Jan 25, 2016 - 2 years read

Quantum Links in Time and Space May Form the Universe’s Foundation

IN NOVEMBER, CONSTRUCTION workers at the Massachusetts Institute of Technology came across a time capsule 942 years too soon. Buried in 1957 and intended for 2957, the capsule was a glass cylinder filled with inert gas to preserve its contents; it was even laced with carbon-14 so that future researchers could confirm the year of burial, the way they would date a fossil. MIT administrators plan to repair, reseal and rebury it. But is it possible to make it absolutely certain that a message to the future won’t be read before its time?

Quantum physics offers a way. In 2012, Jay Olson and Timothy Ralph, both physicists at the University of Queensland in Australia, laid out a procedure to encrypt data so that it can be decrypted only at a specific moment in the future. Their scheme exploits quantum entanglement, a phenomenon in which particles or points in a field, such as the electromagnetic field, shed their separate identities and assume a shared existence, their properties becoming correlated with one another’s. Normally physicists think of these correlations as spanning space, linking far-flung locations in a phenomenon that Albert Einstein famously described as “spooky action at a distance.” But a growing body of research is investigating how these correlations can span time as well. What happens now can be correlated with what happens later, in ways that elude a simple mechanistic explanation. In effect, you can have spooky action at a delay.

These correlations seriously mess with our intuitions about time and space. Not only can two events be correlated, linking the earlier one to the later one, but two events can become correlated such that it becomes impossible to say which is earlier and which is later. Each of these events is the cause of the other, as if each were the first to occur. (Even a single observer can encounter this causal ambiguity, so it’s distinct from the temporal reversals that can happen when two observers move at different velocities, as described in Einstein’s special theory of relativity.)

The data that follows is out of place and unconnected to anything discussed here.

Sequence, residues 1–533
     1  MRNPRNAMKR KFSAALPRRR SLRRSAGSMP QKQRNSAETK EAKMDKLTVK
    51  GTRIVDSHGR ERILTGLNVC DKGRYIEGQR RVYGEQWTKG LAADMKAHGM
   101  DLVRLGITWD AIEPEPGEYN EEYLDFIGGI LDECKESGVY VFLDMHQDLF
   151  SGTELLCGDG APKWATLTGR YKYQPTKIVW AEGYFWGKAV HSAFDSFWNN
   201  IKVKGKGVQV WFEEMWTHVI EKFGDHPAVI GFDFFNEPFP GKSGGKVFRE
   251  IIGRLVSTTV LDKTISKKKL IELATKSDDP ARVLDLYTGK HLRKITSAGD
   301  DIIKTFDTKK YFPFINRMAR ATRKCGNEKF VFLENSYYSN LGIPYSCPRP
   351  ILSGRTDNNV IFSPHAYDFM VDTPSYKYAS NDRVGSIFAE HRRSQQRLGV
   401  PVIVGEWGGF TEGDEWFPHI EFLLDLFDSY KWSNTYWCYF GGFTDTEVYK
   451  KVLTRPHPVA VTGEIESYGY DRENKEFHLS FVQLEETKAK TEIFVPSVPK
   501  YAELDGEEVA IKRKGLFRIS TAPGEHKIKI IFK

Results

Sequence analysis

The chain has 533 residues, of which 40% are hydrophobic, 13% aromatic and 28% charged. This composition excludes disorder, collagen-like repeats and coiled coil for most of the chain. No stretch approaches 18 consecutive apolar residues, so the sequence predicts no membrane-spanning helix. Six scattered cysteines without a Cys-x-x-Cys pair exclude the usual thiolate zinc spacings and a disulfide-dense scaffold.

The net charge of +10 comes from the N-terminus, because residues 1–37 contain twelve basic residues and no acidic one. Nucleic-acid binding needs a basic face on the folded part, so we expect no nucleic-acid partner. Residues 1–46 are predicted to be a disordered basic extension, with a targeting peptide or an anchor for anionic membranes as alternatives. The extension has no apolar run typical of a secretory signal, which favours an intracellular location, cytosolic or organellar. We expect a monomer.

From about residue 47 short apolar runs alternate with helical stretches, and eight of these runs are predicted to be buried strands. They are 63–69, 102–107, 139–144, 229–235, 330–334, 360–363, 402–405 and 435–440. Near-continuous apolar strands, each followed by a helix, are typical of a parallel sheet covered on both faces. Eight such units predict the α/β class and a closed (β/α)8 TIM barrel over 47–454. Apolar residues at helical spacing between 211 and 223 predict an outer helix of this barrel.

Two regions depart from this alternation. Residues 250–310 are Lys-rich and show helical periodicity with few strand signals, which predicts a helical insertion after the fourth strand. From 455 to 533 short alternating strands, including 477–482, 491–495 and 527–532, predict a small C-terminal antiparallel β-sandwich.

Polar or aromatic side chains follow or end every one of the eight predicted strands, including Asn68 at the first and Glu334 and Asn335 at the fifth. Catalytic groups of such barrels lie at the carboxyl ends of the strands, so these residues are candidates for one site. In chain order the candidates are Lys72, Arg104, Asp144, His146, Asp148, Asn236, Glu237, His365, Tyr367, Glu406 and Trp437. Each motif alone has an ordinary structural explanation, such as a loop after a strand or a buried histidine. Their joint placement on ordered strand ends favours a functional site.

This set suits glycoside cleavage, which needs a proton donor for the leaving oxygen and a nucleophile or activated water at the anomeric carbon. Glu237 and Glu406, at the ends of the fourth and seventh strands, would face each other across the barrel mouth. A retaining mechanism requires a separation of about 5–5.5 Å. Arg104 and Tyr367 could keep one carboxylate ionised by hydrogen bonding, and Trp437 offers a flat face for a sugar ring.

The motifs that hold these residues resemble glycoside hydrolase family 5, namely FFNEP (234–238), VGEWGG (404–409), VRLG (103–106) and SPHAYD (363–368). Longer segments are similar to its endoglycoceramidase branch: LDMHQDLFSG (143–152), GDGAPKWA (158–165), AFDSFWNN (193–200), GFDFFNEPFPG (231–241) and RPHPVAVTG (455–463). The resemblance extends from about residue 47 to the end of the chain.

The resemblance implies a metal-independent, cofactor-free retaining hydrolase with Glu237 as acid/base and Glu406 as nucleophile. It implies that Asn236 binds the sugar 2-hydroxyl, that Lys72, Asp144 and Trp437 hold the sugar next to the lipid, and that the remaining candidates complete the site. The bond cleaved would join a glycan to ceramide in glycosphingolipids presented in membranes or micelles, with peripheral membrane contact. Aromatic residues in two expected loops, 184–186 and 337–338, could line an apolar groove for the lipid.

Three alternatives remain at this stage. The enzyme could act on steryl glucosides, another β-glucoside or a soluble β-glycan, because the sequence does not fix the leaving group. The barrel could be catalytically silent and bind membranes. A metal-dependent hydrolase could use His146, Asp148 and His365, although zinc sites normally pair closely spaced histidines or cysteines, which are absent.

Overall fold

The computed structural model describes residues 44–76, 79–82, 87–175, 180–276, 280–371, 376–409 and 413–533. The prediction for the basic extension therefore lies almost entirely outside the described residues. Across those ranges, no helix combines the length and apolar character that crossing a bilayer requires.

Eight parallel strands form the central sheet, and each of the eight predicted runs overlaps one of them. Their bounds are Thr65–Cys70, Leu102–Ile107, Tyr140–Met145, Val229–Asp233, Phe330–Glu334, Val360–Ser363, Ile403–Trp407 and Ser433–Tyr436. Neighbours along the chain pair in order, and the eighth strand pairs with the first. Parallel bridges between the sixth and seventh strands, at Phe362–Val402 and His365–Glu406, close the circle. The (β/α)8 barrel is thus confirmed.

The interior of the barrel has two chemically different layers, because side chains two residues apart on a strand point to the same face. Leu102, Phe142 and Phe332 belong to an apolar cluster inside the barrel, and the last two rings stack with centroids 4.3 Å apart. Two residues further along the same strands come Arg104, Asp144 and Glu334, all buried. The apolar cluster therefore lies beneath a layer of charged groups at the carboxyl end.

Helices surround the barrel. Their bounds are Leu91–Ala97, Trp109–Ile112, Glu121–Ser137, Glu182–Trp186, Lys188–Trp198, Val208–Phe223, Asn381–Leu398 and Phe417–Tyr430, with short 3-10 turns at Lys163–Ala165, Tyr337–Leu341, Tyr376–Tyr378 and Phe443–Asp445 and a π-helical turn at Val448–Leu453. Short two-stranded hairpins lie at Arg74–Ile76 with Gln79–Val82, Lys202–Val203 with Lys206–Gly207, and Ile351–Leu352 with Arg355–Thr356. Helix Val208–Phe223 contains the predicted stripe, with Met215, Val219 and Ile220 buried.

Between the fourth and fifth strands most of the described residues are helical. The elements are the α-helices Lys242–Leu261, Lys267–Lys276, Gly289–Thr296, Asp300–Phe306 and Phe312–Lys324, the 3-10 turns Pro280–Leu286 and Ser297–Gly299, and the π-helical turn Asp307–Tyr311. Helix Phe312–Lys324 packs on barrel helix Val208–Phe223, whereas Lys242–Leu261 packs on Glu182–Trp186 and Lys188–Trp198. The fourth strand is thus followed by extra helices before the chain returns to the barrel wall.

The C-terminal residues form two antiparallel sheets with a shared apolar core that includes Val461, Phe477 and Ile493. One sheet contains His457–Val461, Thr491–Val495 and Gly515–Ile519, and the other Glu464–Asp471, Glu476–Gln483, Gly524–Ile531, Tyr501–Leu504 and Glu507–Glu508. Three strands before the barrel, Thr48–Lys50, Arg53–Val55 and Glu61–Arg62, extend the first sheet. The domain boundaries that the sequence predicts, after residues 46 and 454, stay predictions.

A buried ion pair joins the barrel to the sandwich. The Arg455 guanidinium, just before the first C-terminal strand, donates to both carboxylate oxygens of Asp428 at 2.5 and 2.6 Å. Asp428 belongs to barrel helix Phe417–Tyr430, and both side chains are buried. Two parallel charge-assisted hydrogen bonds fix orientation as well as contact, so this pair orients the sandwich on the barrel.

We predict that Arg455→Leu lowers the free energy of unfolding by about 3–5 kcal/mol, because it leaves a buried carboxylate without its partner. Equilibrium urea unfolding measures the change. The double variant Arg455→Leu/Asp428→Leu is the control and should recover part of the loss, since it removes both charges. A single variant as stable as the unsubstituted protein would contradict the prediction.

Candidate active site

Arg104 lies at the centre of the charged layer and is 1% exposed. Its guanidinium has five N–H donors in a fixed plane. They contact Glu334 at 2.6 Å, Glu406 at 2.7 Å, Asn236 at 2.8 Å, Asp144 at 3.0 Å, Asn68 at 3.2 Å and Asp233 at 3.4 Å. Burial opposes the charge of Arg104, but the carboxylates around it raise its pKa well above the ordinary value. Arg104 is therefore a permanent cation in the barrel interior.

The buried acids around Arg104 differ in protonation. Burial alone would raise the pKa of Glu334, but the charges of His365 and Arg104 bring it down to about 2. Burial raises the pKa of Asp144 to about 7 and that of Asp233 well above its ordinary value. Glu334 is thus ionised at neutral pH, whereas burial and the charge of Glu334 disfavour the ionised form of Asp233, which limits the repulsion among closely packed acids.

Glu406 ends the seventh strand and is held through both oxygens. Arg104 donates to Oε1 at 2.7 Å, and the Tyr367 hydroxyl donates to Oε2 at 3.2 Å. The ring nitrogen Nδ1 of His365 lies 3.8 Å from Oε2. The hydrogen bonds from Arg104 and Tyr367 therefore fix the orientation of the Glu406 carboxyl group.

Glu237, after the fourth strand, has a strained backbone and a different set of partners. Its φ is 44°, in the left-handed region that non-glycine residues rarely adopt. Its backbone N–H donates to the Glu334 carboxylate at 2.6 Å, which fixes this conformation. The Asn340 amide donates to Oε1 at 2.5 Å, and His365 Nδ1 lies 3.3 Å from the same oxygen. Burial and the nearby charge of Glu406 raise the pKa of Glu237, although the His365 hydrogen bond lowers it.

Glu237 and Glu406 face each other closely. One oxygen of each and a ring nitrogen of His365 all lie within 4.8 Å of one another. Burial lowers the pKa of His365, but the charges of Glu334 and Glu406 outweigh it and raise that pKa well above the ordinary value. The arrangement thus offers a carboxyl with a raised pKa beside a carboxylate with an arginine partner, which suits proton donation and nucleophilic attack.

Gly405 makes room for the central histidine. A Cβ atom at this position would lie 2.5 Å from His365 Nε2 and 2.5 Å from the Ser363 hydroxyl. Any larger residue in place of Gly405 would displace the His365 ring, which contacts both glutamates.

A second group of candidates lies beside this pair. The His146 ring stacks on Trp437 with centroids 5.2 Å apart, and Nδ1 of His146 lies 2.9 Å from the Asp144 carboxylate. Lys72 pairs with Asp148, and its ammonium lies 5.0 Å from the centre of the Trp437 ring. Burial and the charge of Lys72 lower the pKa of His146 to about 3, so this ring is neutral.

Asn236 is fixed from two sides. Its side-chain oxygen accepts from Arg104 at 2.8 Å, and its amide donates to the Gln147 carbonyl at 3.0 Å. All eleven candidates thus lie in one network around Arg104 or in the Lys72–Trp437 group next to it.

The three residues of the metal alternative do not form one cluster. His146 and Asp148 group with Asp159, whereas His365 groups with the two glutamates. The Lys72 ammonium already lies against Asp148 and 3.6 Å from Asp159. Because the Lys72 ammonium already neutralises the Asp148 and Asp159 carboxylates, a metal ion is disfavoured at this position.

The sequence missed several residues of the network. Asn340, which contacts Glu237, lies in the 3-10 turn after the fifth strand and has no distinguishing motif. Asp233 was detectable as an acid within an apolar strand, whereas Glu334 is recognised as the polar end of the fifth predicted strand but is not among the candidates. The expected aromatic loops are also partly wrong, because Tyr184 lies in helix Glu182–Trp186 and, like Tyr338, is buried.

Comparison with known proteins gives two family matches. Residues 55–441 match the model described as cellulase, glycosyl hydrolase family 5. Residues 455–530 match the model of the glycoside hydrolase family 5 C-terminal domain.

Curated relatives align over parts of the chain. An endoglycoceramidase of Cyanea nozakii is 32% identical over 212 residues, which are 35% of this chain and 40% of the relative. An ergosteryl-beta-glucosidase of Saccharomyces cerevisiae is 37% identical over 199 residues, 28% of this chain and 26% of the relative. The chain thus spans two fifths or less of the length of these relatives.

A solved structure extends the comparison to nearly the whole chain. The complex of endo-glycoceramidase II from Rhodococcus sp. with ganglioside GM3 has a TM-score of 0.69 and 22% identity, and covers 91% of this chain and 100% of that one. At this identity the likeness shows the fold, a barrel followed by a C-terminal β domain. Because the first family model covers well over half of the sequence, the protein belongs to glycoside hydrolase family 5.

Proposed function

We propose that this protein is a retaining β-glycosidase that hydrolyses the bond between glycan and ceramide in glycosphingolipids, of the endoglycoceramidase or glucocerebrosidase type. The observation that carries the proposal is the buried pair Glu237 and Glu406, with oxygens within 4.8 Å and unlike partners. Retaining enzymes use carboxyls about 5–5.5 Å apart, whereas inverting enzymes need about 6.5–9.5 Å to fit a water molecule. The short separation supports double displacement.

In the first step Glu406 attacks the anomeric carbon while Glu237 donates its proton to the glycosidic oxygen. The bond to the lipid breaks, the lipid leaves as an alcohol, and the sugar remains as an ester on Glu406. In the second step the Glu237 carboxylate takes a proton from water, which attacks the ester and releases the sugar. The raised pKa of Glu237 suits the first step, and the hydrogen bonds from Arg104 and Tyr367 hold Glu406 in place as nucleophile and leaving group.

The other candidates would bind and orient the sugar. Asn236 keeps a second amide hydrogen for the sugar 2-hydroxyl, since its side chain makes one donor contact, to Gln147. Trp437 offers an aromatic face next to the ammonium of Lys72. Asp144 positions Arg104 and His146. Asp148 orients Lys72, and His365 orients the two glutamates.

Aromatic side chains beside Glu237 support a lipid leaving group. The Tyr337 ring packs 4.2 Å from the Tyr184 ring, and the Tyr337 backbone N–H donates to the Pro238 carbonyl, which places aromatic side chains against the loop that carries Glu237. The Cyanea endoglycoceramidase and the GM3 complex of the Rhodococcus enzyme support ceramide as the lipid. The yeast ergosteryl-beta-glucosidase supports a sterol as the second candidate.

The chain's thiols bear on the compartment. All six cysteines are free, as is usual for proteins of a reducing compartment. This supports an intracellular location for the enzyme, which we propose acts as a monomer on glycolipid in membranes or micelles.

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The time-capsule idea is only one demonstration of the potential power of these temporal correlations. They might also boost the speed of quantum computers and strengthen quantum cryptography.

But perhaps most important, researchers hope that the work will open up a new way to unify quantum theory with Einstein’s general theory of relativity, which describes the structure of space-time. The world we experience in daily life, in which events occur in an order determined by their locations in space and time, is just a subset of the possibilities that quantum physics allows. “If you have space-time, you have a well-defined causal order,” said Časlav Brukner, a physicist at the University of Vienna who studies quantum information. But “if you don’t have a well-defined causal order,” he said—as is the case in experiments he has proposed—then “you don’t have space-time.” Some physicists take this as evidence for a profoundly nonintuitive worldview, in which quantum correlations are more fundamental than space-time, and space-time itself is somehow built up from correlations among events, in what might be called quantum relationalism. The argument updates Gottfried Leibniz and Ernst Mach’s idea that space-time might not be a God-given backdrop to the world, but instead might derive from the material contents of the universe.